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MacOS X – Determine WiFi Connection Speed

MacOS X – Determine WiFi Connection Speed

While working on my DD-WRT project for my NetGear R7000 router, I ran some tests to see what the ideal connection setup for my router would be.

During the testing you’d typically want to see the speed of your WiFi connection, possibly including noise, RSSI, channel, country code, used frequency, etc. and initially it can be a bit daunting where to find this information. But … surprise: this info is readily available on your Mac, no extra software is needed, you just need to know where it’s hidden …

Therefor in this article 4 methods to figure this out on your Mac, without the need to install specific software for the task.

Determining WiFi speed on your Mac

Below I’ll show you 4 methods to determine some of the characteristics of your current WiFi connection.
For this we will use build-in tools that come with your MacOS X.

I highly recommend the first method, since it’s easy to access, fast and provides a lot of good information.

Method 1: Through the WiFi icon in the Menu Bar

To examine the speed of your WiFi connection, you can use the WiFi icon in the menu bar of your Mac.
Simply clicking it though will not provide you this information. You’ll have the press the OPTION (or ALT) key and keep it pressed while clicking the WiFi icon.

When you do so, a list will be presented with additional data:

  • WiFi network name (SSID)
  • IP Address of your computer
  • IP Address of the router or modem
  • If Internet is reachable
  • What type of security is used
  • Channel
  • Country Code (each country has it’s own set of regulations)
  • RSSI (Received signal strength indication)
  • Noise (signal disruption)
  • TX Rate (tansmission speed)
  • PHY Mode (Radio mode)
  • MCS Index (index number for modulation and coding the signal)


MacOS X - WiFi info with ALT+Click on WiFi icon

MacOS X – WiFi info with ALT+Click on WiFi icon

Method 2: System Information Report

This method is a little bit more limited, yet provides good info.

Go to the  icon in the upper left corner of your screen, select “About this Mac System Report…“.

(you can find this also through Spotlight by typing “System Information”)

MacOS X - Wifi info in the System Report

MacOS X – Wifi info in the System Report

Method 3: Network Utility

Network Utility is a little harder, as it seems to have the habit of changing location with each MacOS X version.

The easiest way to find Network Utility is through Spotlight.

Open Spotlight, type “Network Utility“, and press ENTER.

Select under the “Info” tab, select your WiFi device from the dropdown list, and you’ll see your speed under “Link Speed“.

 Note: Sometimes Network Utility does not show your WiFi connection. Close the application and try again.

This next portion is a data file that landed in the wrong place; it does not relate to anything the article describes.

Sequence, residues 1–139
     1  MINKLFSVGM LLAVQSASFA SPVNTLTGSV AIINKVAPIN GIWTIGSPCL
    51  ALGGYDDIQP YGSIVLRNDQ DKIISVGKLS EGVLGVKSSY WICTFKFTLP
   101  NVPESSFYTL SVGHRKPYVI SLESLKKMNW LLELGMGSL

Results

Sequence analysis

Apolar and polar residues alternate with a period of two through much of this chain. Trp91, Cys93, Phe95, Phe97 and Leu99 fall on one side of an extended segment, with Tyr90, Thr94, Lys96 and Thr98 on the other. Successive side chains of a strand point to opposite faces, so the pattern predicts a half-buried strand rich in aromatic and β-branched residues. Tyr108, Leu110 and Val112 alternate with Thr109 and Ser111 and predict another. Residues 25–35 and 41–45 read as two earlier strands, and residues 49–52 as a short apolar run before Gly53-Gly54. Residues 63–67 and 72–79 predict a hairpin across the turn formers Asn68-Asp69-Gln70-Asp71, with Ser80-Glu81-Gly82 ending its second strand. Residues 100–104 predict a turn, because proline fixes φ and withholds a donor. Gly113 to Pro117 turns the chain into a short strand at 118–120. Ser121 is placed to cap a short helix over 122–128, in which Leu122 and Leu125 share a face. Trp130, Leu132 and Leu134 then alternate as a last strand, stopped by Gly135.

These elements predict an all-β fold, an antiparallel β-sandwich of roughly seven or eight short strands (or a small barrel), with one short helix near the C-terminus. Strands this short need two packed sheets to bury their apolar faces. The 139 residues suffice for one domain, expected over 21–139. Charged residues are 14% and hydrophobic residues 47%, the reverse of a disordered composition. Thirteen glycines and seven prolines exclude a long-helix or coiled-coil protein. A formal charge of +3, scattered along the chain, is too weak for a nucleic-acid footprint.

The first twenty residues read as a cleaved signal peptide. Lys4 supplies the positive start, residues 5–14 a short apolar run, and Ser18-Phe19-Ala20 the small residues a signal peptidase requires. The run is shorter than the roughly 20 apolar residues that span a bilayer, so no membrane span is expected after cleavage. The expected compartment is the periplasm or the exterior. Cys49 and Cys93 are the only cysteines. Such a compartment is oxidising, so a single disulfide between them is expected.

MacOS X - WiFi Speed through Network Utility

MacOS X – WiFi Speed through Network Utility

Method 4: Terminal (Command Line)

This is more for those folks that prefer the Terminal, and honestly, it took me a while to find this one.

Open a Terminal (Applications   Utilities   Terminal) and type:

/System/Library/PrivateFrameworks/Apple80211.framework/Versions/Current/Resources/airport -I

The output should show something like this, where you see “lastTXRate” and “maxRate” indicating speed values for your WiFi.

/System/Library/PrivateFrameworks/Apple80211.framework/Versions/Current/Resources/airport -I
     agrCtlRSSI: -49
     agrExtRSSI: 0
    agrCtlNoise: -95
    agrExtNoise: 0
          state: running
        op mode: station
     lastTxRate: 130
        maxRate: 144
lastAssocStatus: 0
    802.11 auth: open
      link auth: wpa2-psk
          BSSID: 2c:85:7e:4a:b3:ca
           SSID: ChristelWIFI
            MCS: 15
        channel: 1

In Terminal you could create a shortcut for this, and this can be done in 2 ways.
One is creating and alias (recommended), and the other by creating a symbolic link.

Either solution allows you to simply type “airport” on Terminal without having to type the full path.

The creation of an alias is recommended, and can be done like so (thanks Greg for the excellent suggestion!):

alias airport='/System/Library/PrivateFrameworks/Apple80211.framework/Versions/Current/Resources/airport'

Or if you prefer a symbolic link:

cd /usr/sbin
sudo ln -s /System/Library/PrivateFrameworks/Apple80211.framework/Versions/Current/Resources/airport

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There are 16 comments. You can read them below.
You can post your own comments by using the form below, or reply to existing comments by using the "Reply" button.

  • Jan 21, 2016 - 6:22 AM - aldwada Comment Link

    thank youu!  terminal command was the best way i think.



    • Jan 21, 2016 - 6:26 AM - hans - Author: Comment Link

      I agree,… I use method 1 for a quick look, and command line for a more accurate way of looking at things. 



      • Oct 31, 2016 - 12:08 AM - noname Comment Link

        How can I get this extra information about my wifi connection on Windows OS?



        • Oct 31, 2016 - 8:58 AM - hans - Author: Comment Link